One might say that blue jays are playing a key role in replanting our precious forests.  Looking at it another way, a single blue jay plants vastly more trees than any of us in a week than most of us do in a lifetime.

BACKYARD SECRET – MALE AMERICAN GOLDFINCHES OUTNUMBER FEMALES

        It has been estimated male American goldfinches outnumber females.  The ratio of this imbalance is three males to every two females.

       Researchers have not determined why this is the case.  One theory is it is due to the fact males live longer than females.

       Do you see more male American goldfinches than females in your yard?  I am certain I do not know if the ratio holds true in my backyard.  However, I am going to find out.

BACKYARD SECRET–BUTTERFLY WINGS ARE ACTUALLY TRANSPARENT

       It is hard to believe that the colorful insects that are often called flying flowers possess wings that are actually transparent.  Let me explain.

       It seems that butterfly wings are composed of a rugged material called chitin.  This same substance comprises the exoskeletons of all butterflies.  The thin layers of chitin found in a butterfly wing is actually transparent.  The colors seen in a butterfly’s wings stem from literally thousands of loosely attached tiny scales covering each wing.  Some 600 scales/sq. millimeter blanket the surfaces of the wings of some butterflies.  These scales contain pigments that reflect light.  The colors we see on the wings of the butterflies we spot flitting around our yards are the result of the types of scales and the amount and kinds of pigments they possess.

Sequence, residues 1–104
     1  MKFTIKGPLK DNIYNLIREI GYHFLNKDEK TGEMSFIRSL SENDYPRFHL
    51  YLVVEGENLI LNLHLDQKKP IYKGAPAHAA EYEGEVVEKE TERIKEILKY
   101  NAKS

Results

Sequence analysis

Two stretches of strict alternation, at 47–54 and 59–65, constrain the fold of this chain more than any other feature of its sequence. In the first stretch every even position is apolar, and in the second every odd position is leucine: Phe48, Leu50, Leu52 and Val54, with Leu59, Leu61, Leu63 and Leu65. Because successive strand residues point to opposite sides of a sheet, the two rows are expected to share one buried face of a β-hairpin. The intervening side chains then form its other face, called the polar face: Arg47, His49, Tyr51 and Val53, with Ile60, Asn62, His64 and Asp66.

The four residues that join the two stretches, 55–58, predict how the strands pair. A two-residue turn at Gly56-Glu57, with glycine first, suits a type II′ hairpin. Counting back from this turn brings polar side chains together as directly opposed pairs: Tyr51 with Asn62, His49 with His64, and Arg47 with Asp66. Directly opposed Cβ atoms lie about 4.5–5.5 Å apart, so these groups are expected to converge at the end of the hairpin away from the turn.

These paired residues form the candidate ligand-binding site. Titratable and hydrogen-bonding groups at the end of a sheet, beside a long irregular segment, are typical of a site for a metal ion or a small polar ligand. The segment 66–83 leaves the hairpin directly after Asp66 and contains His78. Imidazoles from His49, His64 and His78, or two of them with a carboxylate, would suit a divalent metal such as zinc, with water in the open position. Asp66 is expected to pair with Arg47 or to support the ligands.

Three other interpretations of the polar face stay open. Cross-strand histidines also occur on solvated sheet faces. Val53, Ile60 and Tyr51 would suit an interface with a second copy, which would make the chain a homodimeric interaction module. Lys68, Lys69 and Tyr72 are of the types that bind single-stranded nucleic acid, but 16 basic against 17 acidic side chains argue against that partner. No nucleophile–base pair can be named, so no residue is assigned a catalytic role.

Butterflies constantly lose scales as they age.  Consequently, some of the individuals of the same species we spot are less colorful than others.  When we see pale versions of species, we know these individuals are much older than those that display more iridescence and color.  In some cases, butterflies lose so many scales it is difficult or even impossible to identify them.

      

BACKYARD SECRET–TUFTED TITMICE ARE HOARDERS TOO

       There are a number of animals that hoard seeds in our backyards.  This list includes eastern chipmunks, gray squirrels, Carolina chickadees, and blue jays.  There is another bird you can add to this list of animals that prepare of the winter by storing up supplies of food. 

       It might come as a surprise to know that the tufted titmouse is yet another bird that hoards sunflower seeds and other foods to help it to survive lean times that are common during winter.

BACKYARD SECRET–SOME BROWN THRASHERS MIGRATE